Stacy Wise started a steel-hauling trucking firm, purchasing seven trucks with loans from the city of Toledo and a bank.
A national study to be released today found that the Midwest lagged other regions in entrepreneurial start-ups last year, and had the lowest activity of any region in 11 years.
Michigan had a particularly large drop in start-ups and ranked last. Ohio was below the states' average.
Local small-business development officials say the results don't surprise them, and they cited a number of reasons for the poor showing: an economy that isn't attractive to start-ups, lack of venture capital, and lack of business-friendliness.
The Kaufmann Index of Entrepreneurial Activity, from the Ewing Marion Kauffman Foundation in Kansas City, Mo., found that nationally, on average, 290 out of every 100,000 adults started businesses each month last year, about the same as in 2005.
But Michigan's start-up activity fell from 230 per 100,000 per month in 2005 to just 16 per 100,000 a month last year. Ohio's fell from 270 per 100,000 a month to 220 per 100,000.
That study also concluded that Detroit had the lowest rate of entrepreneurial activity - 130 start-ups per month for every 100,000 population - among 15 major metro areas around the country.
Small-business experts in northwest Ohio and southeast Michigan say that the interest in starting businesses is high, even though enterprises are not being created in record numbers.
Stacy Wise, 29, said she started Keep It Moving Toledo LLC, a steel-hauling trucking firm, after working for another steel hauler for several years.
"I love it," she said. "It's a hustle every day, and it's a man's industry. That excited me."
Ms. Wise said she leveraged $50,000 in loans from the city of Toledo and a bank into seven trucks and hopes to get an eighth one soon.
Barbara Hamilton Matthews, 48, was laid off from her job as a legal secretary for a local law firm, started Trinity 3 of Ohio LLC, an accounting firm, and used a $5,000 "microloan" obtained through Assets Toledo, a local group that fosters entrepreneurship, to buy a computer and software.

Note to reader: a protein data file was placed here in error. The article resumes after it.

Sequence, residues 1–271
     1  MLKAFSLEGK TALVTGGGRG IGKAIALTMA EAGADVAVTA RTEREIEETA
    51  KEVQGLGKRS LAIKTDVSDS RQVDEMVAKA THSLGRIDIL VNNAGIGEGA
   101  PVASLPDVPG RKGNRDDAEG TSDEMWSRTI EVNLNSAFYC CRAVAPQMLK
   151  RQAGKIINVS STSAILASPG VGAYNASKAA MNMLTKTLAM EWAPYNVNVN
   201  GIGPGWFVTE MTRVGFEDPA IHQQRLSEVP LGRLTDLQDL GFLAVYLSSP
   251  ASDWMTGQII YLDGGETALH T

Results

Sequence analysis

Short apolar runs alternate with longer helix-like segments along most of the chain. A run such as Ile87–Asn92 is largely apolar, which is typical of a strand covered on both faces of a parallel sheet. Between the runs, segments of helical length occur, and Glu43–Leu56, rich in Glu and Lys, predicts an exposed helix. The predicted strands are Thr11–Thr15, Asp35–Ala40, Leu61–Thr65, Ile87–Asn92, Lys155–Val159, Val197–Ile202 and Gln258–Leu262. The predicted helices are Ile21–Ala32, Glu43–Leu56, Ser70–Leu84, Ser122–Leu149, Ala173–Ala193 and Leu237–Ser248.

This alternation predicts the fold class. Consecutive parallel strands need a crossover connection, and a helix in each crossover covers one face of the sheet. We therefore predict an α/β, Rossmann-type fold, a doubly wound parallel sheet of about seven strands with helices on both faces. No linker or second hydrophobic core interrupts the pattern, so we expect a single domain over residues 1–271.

Olivia Holden, executive director of Assets Toledo, said said dozens of prospective students have signed up for entrepreneurial classes, and 41 recently graduated, bringing the total to more than 600 in the last seven years - resulting in several hundred start-ups.
But she added that she has noticed a number of students recently dropped out because they lost their jobs.
"This [class] comes second," she said.
Wendy Gramza, executive vice president of the Toledo Regional Chamber of Commerce, said the Small Business Development Centers in a seven-county Toledo area have seen a decline in requests for help - from 935 in 2004 to 692 last year.
Ms. Gramza said there likely would be more interest in start-ups if the perception of the regional economy were better.
The 42 area counselors for SCORE - a small-business counseling group that's an offshoot of the U.S. Small Business Administration - expect to counsel about 1,000 this year, about half of whom hope to start businesses, said Jack Chezek, assistant district director for SCORE's northern Ohio region.
"If you're going to start a business you need a climate friendly to business, and I don't think Toledo is business-friendly at all."
But he contended that funding is still available "if a person has a good business plan and some funds of their own to put into it."
The Kauffman study did not break down data by metro areas, other than the biggest 15, because of insufficient data, said Robert Fairlie, a researcher from the University of California at Santa Cruz.
Mr. Fairlie said yesterday that he didn't analyze Midwest results, "but my gut feeling is that many people are moving out of the Midwest, and entrepreneurship occurs when the economy grows. There's a decline of industry in the Midwest."
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